Posted by alex Posted on 9:13 AM
The Supreme Court’s First Amendment jurisprudence has taken an alarming turn under Chief Justice John Roberts. Bowing to corporate interests, the ascendant conservative wing of the Court has warped First Amendment doctrine to thwart legislative efforts to reign in corporate activity that is harmful to the public interest. The 2010 Citizens United ruling is the best-known example of this trend, but an important, if lesser known, case is Sorrell v. IMS Health, Inc., decided one year ago this month.
The Court in Sorrell held that a Vermont law prohibiting pharmaceutical marketers and data-mining companies from purchasing prescription records from pharmacies violated the First Amendment rights of the pharmacies. When the ruling was handed down last year, it provoked a sharp outcry. Observers in the medical community noted that the ruling would lead to both a loss of medical privacy and higher prescription drug prices. Going further, Senate Judiciary Committee Chairman Senator Patrick Leahy said that the Sorrell ruling was “just one more example of the Supreme Court using the First Amendment as a tool to bolster the rights of big business at the expense of individual Americans.”
The impact of the Sorrell ruling in lower courts has reached far beyond Vermont, and has borne out Senator Leahy’s warning. For example, the Sorrell Court’s warped vision of the First Amendment was cited by the Northern District of Illinois in its ruling that the First Amendment protected a grocery store chain from liability for misappropriating Michael Jordan’s likeness in advertising without his consent. One industry in particular has welcomed the Sorrell ruling: tobacco manufacturers. Earlier this year, the federal trial court for the District of Massachusetts, relying heavily on Sorrell, struck down a Worcester city ordinance limiting tobacco advertising near schools and prohibiting the sale of “blunt wraps,” an especially carcinogenic tobacco product. In a similar vein, the Court of Appeals for the Sixth Circuit, relying partially on Sorrell, struck down part of a recent federal law that prohibited the use of certain colors and graphics in cigarette labeling and advertising. The Court upheld other portions of the law that had been challenged by the tobacco industry, including requirements that cigarette packaging contain large warning labels, but it is possible that the case may be on its way to the Supreme Court.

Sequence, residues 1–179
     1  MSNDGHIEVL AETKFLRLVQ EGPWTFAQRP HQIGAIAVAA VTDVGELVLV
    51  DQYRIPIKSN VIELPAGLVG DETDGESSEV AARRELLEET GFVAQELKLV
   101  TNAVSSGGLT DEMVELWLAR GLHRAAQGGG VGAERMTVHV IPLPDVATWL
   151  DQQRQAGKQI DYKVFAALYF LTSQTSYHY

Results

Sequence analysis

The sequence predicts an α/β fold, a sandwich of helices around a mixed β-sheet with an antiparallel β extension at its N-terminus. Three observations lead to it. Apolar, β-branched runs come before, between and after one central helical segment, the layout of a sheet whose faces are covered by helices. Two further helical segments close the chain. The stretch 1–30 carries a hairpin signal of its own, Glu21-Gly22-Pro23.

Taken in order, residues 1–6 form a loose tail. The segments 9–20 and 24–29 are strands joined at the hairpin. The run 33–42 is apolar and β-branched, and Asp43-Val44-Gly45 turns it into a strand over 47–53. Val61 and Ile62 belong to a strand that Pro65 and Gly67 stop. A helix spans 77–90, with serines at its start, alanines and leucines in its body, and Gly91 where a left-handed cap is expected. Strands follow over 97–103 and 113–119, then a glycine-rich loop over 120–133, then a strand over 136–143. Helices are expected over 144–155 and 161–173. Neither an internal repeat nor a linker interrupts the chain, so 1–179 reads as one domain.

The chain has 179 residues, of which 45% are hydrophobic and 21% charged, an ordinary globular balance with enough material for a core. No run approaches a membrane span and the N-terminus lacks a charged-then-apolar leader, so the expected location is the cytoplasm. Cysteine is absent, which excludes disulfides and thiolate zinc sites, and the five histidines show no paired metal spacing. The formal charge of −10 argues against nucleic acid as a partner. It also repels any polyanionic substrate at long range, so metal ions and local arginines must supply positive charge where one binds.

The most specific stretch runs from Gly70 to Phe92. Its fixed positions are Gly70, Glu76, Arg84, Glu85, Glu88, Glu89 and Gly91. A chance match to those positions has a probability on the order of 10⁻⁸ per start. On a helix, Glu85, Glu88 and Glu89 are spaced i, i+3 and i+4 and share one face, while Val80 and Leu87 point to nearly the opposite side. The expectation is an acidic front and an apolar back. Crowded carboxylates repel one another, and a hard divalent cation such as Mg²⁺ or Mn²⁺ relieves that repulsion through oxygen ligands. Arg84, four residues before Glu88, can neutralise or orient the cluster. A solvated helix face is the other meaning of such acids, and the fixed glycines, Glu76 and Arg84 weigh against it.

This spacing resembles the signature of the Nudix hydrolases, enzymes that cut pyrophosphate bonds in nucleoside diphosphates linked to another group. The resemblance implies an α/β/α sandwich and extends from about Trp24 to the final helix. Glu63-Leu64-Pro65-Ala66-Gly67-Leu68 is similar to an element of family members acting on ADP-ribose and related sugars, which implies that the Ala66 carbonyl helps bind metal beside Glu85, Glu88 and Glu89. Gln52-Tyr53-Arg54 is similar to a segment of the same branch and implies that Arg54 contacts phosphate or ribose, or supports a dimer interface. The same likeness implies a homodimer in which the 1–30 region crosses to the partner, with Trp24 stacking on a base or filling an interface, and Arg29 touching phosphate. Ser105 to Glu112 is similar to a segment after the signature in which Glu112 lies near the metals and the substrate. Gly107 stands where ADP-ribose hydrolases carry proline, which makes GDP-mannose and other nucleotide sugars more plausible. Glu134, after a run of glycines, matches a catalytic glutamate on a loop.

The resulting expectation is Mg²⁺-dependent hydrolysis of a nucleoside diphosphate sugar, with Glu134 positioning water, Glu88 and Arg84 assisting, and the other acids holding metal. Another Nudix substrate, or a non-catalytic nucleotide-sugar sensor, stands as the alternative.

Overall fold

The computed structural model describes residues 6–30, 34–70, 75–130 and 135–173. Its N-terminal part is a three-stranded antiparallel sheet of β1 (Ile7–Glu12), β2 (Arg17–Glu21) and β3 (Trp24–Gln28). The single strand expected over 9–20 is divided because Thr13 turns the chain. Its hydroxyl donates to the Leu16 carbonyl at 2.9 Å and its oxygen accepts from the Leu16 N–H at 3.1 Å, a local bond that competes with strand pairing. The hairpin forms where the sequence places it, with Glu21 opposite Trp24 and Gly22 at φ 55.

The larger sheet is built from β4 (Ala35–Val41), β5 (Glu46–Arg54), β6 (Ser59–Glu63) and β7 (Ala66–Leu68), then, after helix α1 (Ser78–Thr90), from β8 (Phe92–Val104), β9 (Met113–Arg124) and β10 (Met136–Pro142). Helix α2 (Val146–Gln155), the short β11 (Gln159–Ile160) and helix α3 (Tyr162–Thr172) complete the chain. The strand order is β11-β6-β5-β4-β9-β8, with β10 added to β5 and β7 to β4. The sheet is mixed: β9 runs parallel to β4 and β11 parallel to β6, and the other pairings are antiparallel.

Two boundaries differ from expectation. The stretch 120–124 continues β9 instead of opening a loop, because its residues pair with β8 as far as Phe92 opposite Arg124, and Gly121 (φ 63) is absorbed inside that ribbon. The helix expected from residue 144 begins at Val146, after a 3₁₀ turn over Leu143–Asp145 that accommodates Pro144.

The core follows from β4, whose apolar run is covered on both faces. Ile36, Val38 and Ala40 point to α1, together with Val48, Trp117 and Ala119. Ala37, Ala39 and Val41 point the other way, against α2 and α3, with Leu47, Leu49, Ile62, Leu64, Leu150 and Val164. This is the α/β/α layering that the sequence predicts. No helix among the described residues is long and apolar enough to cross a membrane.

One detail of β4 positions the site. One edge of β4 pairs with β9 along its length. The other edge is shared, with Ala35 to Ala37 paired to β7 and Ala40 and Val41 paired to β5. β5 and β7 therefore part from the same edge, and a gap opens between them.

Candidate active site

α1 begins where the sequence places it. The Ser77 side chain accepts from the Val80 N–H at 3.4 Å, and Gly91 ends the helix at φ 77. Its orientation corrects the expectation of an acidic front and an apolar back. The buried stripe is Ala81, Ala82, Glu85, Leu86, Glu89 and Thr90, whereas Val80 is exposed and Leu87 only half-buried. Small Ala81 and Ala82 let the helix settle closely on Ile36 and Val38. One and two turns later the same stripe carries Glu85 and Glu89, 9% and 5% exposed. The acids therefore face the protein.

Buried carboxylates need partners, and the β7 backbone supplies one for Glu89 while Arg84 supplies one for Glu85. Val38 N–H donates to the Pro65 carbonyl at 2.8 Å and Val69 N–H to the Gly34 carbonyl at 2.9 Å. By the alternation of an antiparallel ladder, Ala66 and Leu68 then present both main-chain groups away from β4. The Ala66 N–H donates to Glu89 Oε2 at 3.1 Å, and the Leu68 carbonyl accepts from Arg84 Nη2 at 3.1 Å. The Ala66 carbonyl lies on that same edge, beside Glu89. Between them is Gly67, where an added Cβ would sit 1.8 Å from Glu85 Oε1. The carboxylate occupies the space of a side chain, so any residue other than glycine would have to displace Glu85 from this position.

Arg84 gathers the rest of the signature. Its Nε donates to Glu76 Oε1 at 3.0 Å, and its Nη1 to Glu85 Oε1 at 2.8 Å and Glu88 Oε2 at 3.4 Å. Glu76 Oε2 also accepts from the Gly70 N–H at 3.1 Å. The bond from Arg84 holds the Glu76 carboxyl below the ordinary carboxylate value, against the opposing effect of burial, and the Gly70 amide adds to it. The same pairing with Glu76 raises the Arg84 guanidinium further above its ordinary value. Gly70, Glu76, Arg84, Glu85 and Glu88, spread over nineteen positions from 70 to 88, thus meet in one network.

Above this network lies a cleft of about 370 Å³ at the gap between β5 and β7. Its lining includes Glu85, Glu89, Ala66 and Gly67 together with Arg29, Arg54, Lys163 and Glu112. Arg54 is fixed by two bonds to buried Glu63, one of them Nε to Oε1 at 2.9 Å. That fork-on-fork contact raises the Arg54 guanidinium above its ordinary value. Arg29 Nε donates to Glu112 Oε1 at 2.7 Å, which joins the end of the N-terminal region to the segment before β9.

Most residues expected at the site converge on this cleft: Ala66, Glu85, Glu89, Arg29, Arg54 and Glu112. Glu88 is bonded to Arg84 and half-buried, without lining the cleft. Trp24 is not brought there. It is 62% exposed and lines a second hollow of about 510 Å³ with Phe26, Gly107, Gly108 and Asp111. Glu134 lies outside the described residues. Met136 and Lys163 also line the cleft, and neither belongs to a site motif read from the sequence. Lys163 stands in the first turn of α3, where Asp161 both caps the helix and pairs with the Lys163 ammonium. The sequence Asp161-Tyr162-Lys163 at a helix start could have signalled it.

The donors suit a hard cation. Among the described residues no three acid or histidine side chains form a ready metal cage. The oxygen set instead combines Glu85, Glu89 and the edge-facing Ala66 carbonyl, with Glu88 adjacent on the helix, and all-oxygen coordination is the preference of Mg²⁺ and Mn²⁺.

The Court reached its conclusion in Sorrell by distorting its own tiered scrutiny framework. Long-standing precedent established that speech for purely private or profit-generating purposes — advertising, for example — should not receive the same level of judicial protection as some other forms of individual expression, such as political, artistic, or scientific speech. Rather than applying this precedent to the case before it, the Court decided instead to subject the Vermont data-mining restriction to the highest level of judicial scrutiny, usually reserved for only the most extreme cases of government censorship.
This misapplication of First Amendment doctrine came as a shock to Court watchers, and sparked a sharp dissent from Justice Breyer. The dissent warned against the Court’s reversion to the jurisprudence of a century ago, when it employed dubious constitutional doctrine as a pretense for imposing its political and economic vision of libertarianism and lasseiz-faire capitalism on the nation. The most infamous example is the case after which that era was named: the Court’s 1905 ruling in Lochner v. New York. In Lochner, the Court struck down a New York state law guaranteeing basic worker protections as an infringement on the “liberty to contract” between the workers and their abusive corporate employers. The Sorrell dissenters referred to Locher repeatedly, urging the Court to avoid “repeating the mistakes of the past.”
The First Amendment is a crucial cornerstone of our democratic freedoms, but it is not a license for corporate interests to trample on the rights of Americans. The warping of First Amendment jurisprudence by the conservatives on the Supreme Court in cases like Sorrell transforms the First Amendment from the safeguard of free democratic expression into a blank check for corporations to say, spend, and influence anyone or anything without accountability. The Court began to go down this road a century ago, before wisely turning back. It now appears that the conservatives on the Court are prepared to disregard the lessons of history and go down it again.